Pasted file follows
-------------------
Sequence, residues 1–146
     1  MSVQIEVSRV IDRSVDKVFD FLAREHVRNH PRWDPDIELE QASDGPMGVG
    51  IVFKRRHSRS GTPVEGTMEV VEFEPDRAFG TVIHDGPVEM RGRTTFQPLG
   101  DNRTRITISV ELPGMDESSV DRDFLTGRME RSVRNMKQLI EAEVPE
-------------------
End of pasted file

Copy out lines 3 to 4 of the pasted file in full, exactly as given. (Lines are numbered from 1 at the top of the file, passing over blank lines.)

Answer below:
    51  IVFKRRHSRS GTPVEGTMEV VEFEPDRAFG TVIHDGPVEM RGRTTFQPLG
   101  DNRTRITISV ELPGMDESSV DRDFLTGRME RSVRNMKQLI EAEVPE